When Rick Perry and Ron Paul debated last week at the Reagan Library, it was the first time the two Texans had met. “Some of the people in the media said, ‘I don’t believe you! How could that be true? He’s your governor. You’ve both been in political business for a long time,’” Paul commented afterward. “It’s true. We’ve never crossed paths. Last night we did.”
The Perry camp disputes that — spokesman Mark Miner told RealClearPolitics the two men had met before the debate — but it underscores how little interaction has occurred between the two.
In other words, the Perry-Paul dynamic is no repeat of the relationship between Tim Pawlenty and Michele Bachmann, the Minnesota twins who treated debates as a chance to rehash animosities that had festered in state politics years back. Perry and Paul may have significant ideological differences, but the two haven’t regularly squared off in the Texas political arena.
That’s not to say, however, that Perry and Paul have never been on opposite sides of an issue. In 2006, Paul wrote an op-ed critical of one of Perry’s pet projects, the Trans-Texas Corridor. When the corridor program was abandoned two years later, Paul said in a statement, “I am pleased to report that last week we received notice that the Texas Department of Transportation will recommend the I-69 Project be developed using existing highway facilities instead of the proposed massive new Trans Texas Corridor/NAFTA Superhighway. . . . This is a major victory for the people of Texas.”
But their disagreement on the matter appeared to have little impact on the statewide debate.
“I can’t think of anything, certainly policy-wise, in which they were on opposing sides of something, at least where anyone noticed or mattered, given [that] Dr. Paul’s focus has been on federal issues or national issues and of course, Perry was the governor of Texas,” says Michael Quinn Sullivan, president and CEO of the free-market-oriented Empower Texans Foundation and a former press secretary for Paul.
While Perry and Paul haven’t had epic political duels, there still doesn’t appear to be any love lost between them. Asked if he had considered endorsing Paul’s 2008 presidential bid, Perry said, according to the Austin American-Statesman, “You get to make choices in life. And I made a choice that Ron Paul is not mine for president. Pretty simple for me; I didn’t have to study that one too deep.” Asked about Perry in June on Fox News, Paul dismissed him as being “identified with [the George W. Bush administration] and very much the status quo.”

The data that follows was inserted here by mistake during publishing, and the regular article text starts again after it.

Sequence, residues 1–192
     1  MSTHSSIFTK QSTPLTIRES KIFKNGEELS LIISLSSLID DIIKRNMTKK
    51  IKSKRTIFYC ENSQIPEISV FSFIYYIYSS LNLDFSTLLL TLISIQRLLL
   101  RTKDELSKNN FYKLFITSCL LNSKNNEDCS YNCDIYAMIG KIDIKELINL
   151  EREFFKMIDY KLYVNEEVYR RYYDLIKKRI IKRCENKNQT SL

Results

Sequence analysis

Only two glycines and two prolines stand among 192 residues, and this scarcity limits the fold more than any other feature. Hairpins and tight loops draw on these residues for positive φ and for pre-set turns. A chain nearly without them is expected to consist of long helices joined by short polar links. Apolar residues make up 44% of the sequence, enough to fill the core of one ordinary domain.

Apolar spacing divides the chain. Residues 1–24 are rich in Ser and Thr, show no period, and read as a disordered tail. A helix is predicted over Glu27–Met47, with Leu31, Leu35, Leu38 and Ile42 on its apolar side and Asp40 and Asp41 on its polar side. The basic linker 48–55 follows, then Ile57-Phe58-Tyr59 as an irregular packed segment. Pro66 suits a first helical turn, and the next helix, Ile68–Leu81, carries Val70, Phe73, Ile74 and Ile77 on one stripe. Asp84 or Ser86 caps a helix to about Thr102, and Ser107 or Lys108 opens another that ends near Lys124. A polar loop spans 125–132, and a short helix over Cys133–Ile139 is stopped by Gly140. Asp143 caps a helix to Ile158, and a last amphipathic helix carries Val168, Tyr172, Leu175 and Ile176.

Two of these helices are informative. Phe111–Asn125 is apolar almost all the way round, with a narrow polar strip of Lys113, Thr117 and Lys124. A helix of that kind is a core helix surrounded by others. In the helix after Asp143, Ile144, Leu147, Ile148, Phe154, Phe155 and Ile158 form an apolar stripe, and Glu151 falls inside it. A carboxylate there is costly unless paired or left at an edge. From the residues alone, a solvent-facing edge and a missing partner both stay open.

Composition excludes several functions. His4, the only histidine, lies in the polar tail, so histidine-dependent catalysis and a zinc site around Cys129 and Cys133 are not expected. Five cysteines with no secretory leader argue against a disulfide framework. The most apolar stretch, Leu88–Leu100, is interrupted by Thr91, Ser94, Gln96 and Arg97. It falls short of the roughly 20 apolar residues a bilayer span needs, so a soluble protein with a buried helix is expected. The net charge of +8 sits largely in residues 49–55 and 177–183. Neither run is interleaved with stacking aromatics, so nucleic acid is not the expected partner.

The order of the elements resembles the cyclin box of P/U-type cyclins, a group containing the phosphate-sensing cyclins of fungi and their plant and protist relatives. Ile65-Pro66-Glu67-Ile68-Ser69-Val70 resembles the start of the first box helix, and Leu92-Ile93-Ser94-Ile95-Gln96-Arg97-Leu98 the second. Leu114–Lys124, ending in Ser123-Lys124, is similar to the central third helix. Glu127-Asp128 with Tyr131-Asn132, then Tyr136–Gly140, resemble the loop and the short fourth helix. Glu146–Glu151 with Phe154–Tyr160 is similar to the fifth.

When Paul did defend Perry in 2009, it was a defense that Perry probably didn’t want. When Perry was under fire for his remarks about secession, Paul noted that Perry “didn’t call for secession,” but then went on to discuss how secession was rooted in America’s founding in a Web video. After noting that Perry’s remarks had “really stirred some of the liberal media,” who had called his comments “un-American,” Paul made his case.
“It is very American to talk about secession,” he remarked. “That’s how we came into being. Thirteen colonies seceded from the British and established a new country. So, secession is a very much American principle.”
Another source of tension between the two could be Debra Medina’s recent gubernatorial candidacy. Medina, the tea-party candidate in the 2010 GOP primary, forced Perry to fight for the more right-leaning vote at the same time as he was warding off Kay Bailey Hutchison’s appeal to moderates from his left. Medina, a former campaign manager for Paul, was supported by the libertarian congressman. “I have known Debra for over ten years and have always been impressed by her drive and commitment to principle,” Paul wrote in a letter touting Medina. “Debra has been a real defender of Liberty both in her home town of Wharton and across the state of Texas.”
Perry, of course, eked out a victory in the primary. But Medina still captured 19 percent of the total — and if she hadn’t been accused by Glenn Beck of being a 9/11 truther in the final weeks of the campaign, that number probably would have been higher.
Further fueling the tension between the two Texans could be self-identified Ron Paul supporter Robert Morrow’s muckraking efforts. Morrow placed an ad in an Austin newspaper that blared “Have you ever had sex with Rick Perry?” and asked anyone who had to contact him. He has also been calling Texas political powerbrokers, according to a well-connected Republican.
“The people who are pushing the most scurrilous rumors about Rick Perry, about sexual improprieties and unfaithfulness to his wife, here in Austin are Ron Paul fans,” the source says. “I can tell you for sure that it’s gotten the campaign’s attention just because it is so persistent and irritating. So there may be some resentment there.”
Paul has made it clear his campaign has no connection with Morrow and that he does not support Morrow’s efforts.
Ultimately, Sullivan thinks Paul and Perry have more in common than they disagree on. “Were it not for the fact that they’re both two very capable men looking at the presidency right now, they probably would find they would get along pretty well, might even have more in common than they would probably believe,” he says, noting the two come from similar backgrounds and both served in the Air Force.
“Either way,” he adds, “Texas once again gets an outsized role in national politics.”
— Katrina Trinko is an NRO reporter.